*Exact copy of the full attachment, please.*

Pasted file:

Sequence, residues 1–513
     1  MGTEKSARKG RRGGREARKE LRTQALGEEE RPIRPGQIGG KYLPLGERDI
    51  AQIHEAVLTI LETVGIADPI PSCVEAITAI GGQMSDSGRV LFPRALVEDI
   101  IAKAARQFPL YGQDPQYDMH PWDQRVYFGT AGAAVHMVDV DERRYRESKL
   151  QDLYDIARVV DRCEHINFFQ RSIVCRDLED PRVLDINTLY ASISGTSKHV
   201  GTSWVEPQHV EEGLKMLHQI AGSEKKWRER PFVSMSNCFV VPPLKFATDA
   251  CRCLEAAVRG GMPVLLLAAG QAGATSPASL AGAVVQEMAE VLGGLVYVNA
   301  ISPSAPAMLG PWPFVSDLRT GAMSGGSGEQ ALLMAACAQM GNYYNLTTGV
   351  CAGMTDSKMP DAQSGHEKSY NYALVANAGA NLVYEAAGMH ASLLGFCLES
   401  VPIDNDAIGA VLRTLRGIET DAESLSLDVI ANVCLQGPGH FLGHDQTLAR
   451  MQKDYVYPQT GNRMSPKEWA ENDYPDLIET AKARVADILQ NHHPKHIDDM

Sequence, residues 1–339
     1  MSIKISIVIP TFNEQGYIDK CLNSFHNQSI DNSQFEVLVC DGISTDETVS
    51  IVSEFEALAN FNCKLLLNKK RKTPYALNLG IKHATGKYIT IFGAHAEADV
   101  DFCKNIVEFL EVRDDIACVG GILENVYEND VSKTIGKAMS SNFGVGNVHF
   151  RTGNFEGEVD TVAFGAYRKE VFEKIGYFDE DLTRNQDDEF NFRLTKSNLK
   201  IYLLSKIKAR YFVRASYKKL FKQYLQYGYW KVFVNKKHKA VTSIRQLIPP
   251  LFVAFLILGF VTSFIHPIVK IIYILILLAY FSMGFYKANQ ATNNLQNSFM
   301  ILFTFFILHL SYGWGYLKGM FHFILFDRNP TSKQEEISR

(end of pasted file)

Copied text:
Sequence, residues 1–513
     1  MGTEKSARKG RRGGREARKE LRTQALGEEE RPIRPGQIGG KYLPLGERDI
    51  AQIHEAVLTI LETVGIADPI PSCVEAITAI GGQMSDSGRV LFPRALVEDI
   101  IAKAARQFPL YGQDPQYDMH PWDQRVYFGT AGAAVHMVDV DERRYRESKL
   151  QDLYDIARVV DRCEHINFFQ RSIVCRDLED PRVLDINTLY ASISGTSKHV
   201  GTSWVEPQHV EEGLKMLHQI AGSEKKWRER PFVSMSNCFV VPPLKFATDA
   251  CRCLEAAVRG GMPVLLLAAG QAGATSPASL AGAVVQEMAE VLGGLVYVNA
   301  ISPSAPAMLG PWPFVSDLRT GAMSGGSGEQ ALLMAACAQM GNYYNLTTGV
   351  CAGMTDSKMP DAQSGHEKSY NYALVANAGA NLVYEAAGMH ASLLGFCLES
   401  VPIDNDAIGA VLRTLRGIET DAESLSLDVI ANVCLQGPGH FLGHDQTLAR
   451  MQKDYVYPQT GNRMSPKEWA ENDYPDLIET AKARVADILQ NHHPKHIDDM

Sequence, residues 1–339
     1  MSIKISIVIP TFNEQGYIDK CLNSFHNQSI DNSQFEVLVC DGISTDETVS
    51  IVSEFEALAN FNCKLLLNKK RKTPYALNLG IKHATGKYIT IFGAHAEADV
   101  DFCKNIVEFL EVRDDIACVG GILENVYEND VSKTIGKAMS SNFGVGNVHF
   151  RTGNFEGEVD TVAFGAYRKE VFEKIGYFDE DLTRNQDDEF NFRLTKSNLK
   201  IYLLSKIKAR YFVRASYKKL FKQYLQYGYW KVFVNKKHKA VTSIRQLIPP
   251  LFVAFLILGF VTSFIHPIVK IIYILILLAY FSMGFYKANQ ATNNLQNSFM
   301  ILFTFFILHL SYGWGYLKGM FHFILFDRNP TSKQEEISR